Have you ever wondered whether Groundhog Day is more than just a fiction? The 1993 film features Bill Murray as a selfish weatherman forced to relive the same day over and over again until he learns the error of his ways. In the meantime he engages in mindless hedonism and ends up driving himself off a cliff in an attempt to get it all to end. Time loops may sound like the stuff of nightmares, found only in the arts. And yet, Groundhog Day seems to be the perfect analogy for the way in which financial markets have functioned during the last 30 years. At a time where there is much speculation around Britain’s financial future, it is alarming that very few lessons have been taken from the past.
In many respects, banks get a worse press than they deserve. People often focus on the scandals and the bonuses instead of the ability for financial services to allow for the expansions of corporations which provide the goods and services that allow for the world to have a better quality of life. Financial markets, when operating well, serve as a catalyst from which we can all benefit. The problem arises when trying to strike a balance between financial market freedom to reallocate money and that of financial stability. Bankers (it may surprise you) are not the cruel and depraved beings that they are often portrayed to be. What they are is human. This means that they get caught on tides of ill-placed optimism which can lead to mistakes. However, these mistakes can collectively derail national (or even multinational) economies.
It is, in fact, two of the sacred cows of the right that are responsible for increased market instability in the UK. These are globalisation, and the financial market liberalisation of Margaret Thatcher. Both served the purpose of ensuring that there was far greater scope for speculation both nationally and internationally. Make no mistake, speculation in financial markets is merely glorified gambling on the future of the economy. Hyman Minsky noted that the cause for concern arises when financial markets move from hedging against risk taken to speculation. A great failing of the human race is that we have a tendency to be unnecessarily greedy in chasing things we see as desirable. If there was any pursuit where this was the case, that of profit surely takes the proverbial biscuit. In the far more financially stable (if not economically prosperous) period of the 1960’s, it was the role of government not interested in the profit incentive to rein in financial market activity. Thanks to the banking reforms of the 1980’s those days are gone. Much conversation has been had about the role of the government post Global Financial Crisis. But, bar the rebranding of the regulator and the imposition of a higher leverage ratio (the ratio of owned assets to total assets), little has been done to affect the fundamental nature of the FTSE 100.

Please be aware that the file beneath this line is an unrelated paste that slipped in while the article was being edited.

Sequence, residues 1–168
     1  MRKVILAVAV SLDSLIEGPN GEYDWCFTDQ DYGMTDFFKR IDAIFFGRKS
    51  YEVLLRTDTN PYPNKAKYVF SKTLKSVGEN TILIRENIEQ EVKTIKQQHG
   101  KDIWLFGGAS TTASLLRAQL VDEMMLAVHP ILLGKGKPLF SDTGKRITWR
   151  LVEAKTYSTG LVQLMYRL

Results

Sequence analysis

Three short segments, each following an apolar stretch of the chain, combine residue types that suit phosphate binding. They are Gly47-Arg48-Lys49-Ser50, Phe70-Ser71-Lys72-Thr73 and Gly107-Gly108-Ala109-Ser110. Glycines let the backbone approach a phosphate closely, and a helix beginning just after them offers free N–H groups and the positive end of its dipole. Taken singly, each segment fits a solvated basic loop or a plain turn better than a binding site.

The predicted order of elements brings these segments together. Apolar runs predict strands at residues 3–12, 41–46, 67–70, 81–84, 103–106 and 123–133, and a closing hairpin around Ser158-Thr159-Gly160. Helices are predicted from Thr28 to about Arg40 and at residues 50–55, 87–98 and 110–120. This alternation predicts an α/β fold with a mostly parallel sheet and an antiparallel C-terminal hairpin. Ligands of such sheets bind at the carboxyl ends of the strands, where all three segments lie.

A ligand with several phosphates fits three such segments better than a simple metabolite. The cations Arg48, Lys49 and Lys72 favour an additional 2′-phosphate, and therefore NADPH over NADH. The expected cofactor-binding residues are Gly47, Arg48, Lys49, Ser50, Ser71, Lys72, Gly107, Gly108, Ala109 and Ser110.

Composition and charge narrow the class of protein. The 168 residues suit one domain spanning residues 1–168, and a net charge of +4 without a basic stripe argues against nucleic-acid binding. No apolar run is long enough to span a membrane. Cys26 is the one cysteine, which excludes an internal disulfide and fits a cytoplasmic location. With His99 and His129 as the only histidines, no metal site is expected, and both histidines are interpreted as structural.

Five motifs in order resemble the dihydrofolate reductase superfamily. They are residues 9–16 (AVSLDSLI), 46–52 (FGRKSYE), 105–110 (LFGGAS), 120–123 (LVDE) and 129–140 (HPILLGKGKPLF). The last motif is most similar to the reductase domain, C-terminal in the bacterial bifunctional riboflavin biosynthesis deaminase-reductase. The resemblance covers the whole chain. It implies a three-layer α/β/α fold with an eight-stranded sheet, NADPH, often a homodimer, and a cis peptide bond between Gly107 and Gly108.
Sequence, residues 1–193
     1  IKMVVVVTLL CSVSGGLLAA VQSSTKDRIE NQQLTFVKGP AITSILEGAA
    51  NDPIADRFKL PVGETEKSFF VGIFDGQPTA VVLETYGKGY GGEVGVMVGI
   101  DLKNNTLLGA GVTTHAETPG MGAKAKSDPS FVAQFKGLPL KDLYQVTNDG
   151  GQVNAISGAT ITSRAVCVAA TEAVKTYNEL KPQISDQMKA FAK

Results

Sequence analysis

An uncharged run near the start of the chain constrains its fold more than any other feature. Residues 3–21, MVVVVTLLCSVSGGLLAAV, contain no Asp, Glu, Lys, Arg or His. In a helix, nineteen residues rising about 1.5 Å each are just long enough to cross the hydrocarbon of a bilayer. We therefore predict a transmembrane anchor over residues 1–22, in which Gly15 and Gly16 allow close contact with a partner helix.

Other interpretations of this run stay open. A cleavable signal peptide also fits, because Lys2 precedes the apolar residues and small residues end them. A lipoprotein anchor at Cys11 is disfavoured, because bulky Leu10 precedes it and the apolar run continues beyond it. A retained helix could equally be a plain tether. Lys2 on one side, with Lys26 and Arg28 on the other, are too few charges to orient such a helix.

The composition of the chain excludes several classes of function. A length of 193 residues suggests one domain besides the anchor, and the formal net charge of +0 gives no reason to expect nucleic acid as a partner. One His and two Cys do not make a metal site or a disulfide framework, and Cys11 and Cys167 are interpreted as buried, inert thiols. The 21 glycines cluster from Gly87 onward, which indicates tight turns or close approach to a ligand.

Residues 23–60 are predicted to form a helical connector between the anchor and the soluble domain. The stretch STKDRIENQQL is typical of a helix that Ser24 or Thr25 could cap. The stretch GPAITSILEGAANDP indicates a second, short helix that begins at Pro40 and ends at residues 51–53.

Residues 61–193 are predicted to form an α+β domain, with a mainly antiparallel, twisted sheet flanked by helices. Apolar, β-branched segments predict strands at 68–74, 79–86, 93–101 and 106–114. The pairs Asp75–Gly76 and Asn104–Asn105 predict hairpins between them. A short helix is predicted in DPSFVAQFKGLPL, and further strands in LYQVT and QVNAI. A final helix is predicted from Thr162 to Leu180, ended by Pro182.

As city economist Richard Spencer points out, international cooperation is a vital part of ensuring we can harness the potential of financial markets whilst ensuring that we minimise the risk of sharp and damaging downturns that negatively impact the real economy. This has become exponentially more important as economies have further embraced market globalisation and there is a far greater risk of downturn in one country turning into contagion. Unfortunately, as with politics, cooperation in economics does not seem like the order of the day. You only need to take a cursory glance at attitudes towards NAFTA and TTIP (and possibly the EU more widely) to understand that the global powers do not look like they are going to come together to get a substantive deal on financial markets. This unwillingness to cooperate may be something the international community could pay dearly for in the future.
But the reality is that we are all to blame for financial instability. Every single one of us. The banks may have been used as a scapegoat during the last crisis, but deep down we all know the truth. Politicians who were inefficient in demanding money from financiers were to blame. But more than that, individuals and enterprises are to blame. Supply of financial products are (apart from the rare cases when they are coerced onto people) a function of their demand. People wanted to take out unsuitable loans in order to satisfy the very British fetish of owning your own home. Small and medium size enterprises often had credit arrangements which were far beyond the appropriate level. Banks (and they are responsible for this) indulged the developed world in the retrospectively farcical belief in perpetual prosperity. Whilst the global financial system remains what it is, Britain shall have no such thing as long term economic stability. The Bank of England and the government have acted nobly to attempt to bestow some credibility to the financial state of the United Kingdom. But whilst we are so unwilling to implement substantive regulation which is enforced, we shall very much find ourselves standing on a most precarious knife-edge.